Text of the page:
UPDATE (1:57 p.m.): The West Virginia Senate passed an amended version of the education reform bill 34-0.
Weekend negotiations with state teachers unions have led to changes in Gov. Earl Ray Tomblin’s education reform bill, which will now come before the State Senate at a 1:30 floor session.
Senate President Jeff Kessler said those changes affect four main areas. First, the bill now includes two additional criteria for teacher hiring, a recommendation from the principal and a recommendation from the faculty senate. Those criteria will be double-weighted against the eight other hiring criteria already in place.
The amended bill will retain seniority as one of the hiring criteria, but counties will no longer be able to determine how much weight seniority gets, as would have happened under the governor’s original bill.
The bill would set up a 48-week school calendar, which provides counties flexibility to institute a year-round (or “balanced”) schedule. Four contiguous weeks of the year would be set aside for school maintenance. It also would change the rules for “out of school experience” days, dictating counties can only use two of those days before the 130th day of school.
The biggest concession in the newly amended bill has to do with Teach for America, a national nonprofit that recruits college graduates to teach in high-need areas. Teachers unions strongly opposed the group coming into the state, saying the state already has alternative licensing procedures on the books to allow college graduates without education degrees to teach in state schools.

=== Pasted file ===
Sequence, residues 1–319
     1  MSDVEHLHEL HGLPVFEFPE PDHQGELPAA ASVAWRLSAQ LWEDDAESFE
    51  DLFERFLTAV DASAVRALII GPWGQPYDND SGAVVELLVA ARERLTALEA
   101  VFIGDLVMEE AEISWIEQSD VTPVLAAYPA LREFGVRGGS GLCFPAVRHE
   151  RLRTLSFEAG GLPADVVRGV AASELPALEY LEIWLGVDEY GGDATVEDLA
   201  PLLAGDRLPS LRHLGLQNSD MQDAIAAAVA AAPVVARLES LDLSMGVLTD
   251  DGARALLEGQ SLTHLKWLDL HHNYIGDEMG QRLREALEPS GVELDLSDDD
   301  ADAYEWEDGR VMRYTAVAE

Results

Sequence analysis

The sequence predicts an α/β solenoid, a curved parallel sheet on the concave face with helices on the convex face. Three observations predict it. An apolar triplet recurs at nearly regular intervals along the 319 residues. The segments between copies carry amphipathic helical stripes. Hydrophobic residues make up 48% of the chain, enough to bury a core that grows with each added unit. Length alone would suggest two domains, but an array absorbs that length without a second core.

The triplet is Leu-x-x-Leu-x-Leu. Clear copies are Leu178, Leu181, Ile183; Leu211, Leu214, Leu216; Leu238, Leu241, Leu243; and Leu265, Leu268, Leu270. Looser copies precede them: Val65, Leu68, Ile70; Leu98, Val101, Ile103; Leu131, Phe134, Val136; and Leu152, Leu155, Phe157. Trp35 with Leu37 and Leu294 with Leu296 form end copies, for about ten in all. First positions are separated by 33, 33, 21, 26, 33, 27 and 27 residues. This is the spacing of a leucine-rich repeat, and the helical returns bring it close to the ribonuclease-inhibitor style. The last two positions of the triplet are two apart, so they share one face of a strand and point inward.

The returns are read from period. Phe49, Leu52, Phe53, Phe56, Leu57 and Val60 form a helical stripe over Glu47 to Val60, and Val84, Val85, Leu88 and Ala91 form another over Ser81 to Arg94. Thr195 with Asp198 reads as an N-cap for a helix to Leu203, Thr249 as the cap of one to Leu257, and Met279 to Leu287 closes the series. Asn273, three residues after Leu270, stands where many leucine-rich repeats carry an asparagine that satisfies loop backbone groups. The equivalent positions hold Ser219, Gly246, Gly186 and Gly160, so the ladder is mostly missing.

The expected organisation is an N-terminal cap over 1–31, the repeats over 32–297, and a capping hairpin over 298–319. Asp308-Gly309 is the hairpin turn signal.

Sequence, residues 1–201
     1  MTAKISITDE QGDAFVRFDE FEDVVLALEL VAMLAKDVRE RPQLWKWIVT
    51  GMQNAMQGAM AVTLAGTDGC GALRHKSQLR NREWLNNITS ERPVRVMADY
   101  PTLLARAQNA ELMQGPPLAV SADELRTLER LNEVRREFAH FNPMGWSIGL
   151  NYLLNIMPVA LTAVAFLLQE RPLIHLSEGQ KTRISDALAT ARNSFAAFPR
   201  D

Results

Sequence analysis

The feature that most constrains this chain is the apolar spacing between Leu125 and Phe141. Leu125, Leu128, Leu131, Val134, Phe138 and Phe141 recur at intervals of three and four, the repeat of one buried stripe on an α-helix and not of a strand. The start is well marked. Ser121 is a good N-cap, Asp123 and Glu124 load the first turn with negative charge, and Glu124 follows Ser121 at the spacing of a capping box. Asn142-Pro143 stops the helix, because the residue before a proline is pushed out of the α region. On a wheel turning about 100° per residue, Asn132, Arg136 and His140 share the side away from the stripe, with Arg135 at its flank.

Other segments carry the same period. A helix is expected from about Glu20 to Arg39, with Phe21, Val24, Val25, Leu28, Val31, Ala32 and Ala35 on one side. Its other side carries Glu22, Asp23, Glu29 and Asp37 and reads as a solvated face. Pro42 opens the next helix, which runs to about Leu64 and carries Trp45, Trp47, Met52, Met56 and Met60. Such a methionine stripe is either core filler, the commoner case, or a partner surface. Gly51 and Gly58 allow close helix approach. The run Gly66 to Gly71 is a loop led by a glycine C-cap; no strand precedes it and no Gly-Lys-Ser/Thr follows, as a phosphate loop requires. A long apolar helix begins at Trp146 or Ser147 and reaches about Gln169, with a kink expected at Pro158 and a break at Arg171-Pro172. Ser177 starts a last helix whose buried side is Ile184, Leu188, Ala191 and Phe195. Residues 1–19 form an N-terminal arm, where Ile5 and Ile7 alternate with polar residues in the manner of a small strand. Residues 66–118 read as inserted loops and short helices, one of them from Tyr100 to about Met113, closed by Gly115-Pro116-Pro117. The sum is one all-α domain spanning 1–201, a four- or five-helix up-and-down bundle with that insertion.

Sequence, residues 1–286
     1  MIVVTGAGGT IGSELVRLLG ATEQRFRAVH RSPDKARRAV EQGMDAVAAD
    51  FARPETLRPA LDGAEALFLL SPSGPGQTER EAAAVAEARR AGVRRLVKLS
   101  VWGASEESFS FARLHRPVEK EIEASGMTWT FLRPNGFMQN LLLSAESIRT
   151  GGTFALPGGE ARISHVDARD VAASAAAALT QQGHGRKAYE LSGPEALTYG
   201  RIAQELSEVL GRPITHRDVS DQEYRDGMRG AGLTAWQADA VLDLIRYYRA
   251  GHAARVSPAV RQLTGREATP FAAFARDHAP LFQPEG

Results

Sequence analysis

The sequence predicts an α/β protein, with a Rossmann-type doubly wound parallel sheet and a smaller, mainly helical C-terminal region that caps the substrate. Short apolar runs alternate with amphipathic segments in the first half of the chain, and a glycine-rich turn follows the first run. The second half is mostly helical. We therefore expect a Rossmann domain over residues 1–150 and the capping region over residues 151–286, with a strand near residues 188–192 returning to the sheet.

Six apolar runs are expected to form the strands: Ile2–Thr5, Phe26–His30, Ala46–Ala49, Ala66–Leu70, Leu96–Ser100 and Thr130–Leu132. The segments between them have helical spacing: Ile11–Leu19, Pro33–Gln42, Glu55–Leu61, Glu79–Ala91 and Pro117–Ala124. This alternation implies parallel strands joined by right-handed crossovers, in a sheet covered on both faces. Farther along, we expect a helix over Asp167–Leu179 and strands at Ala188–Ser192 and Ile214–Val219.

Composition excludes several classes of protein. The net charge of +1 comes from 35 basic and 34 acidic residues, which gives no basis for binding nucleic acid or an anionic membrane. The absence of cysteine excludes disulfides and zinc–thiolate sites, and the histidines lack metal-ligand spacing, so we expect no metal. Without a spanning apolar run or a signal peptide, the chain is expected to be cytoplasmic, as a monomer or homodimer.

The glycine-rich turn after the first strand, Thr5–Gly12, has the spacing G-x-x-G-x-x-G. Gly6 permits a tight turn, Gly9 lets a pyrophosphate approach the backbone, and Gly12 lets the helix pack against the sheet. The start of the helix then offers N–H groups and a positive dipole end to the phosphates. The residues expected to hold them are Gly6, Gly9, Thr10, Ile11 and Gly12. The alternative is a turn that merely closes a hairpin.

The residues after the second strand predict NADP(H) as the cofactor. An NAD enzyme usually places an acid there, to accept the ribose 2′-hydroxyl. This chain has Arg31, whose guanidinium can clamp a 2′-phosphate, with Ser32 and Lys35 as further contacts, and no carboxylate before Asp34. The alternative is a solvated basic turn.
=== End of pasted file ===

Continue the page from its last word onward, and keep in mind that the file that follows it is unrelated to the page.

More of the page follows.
Lawmakers tried to appease unions by removing “Teach for America” from the bill, replacing that specific language with “national teacher corps.” Now, all mention of Teach for America and national teacher corps has been removed from the bill.
Last, lawmakers have changed part of the bill limiting elementary school teachers’ planning periods to 30 minutes. The bill has been amended to make those planning periods 40 minutes long.
The Senate will reconvene soon, and leaders from both parties expect members will pass the bill…although some “aye” and “nay” votes are expected on both sides. The House will reconvene its floor session at 3 p.m., and is expected to receive the education bill from the Senate. That would allow that body’s education committee to take up the bill as early as Tuesday.
Tags: education reform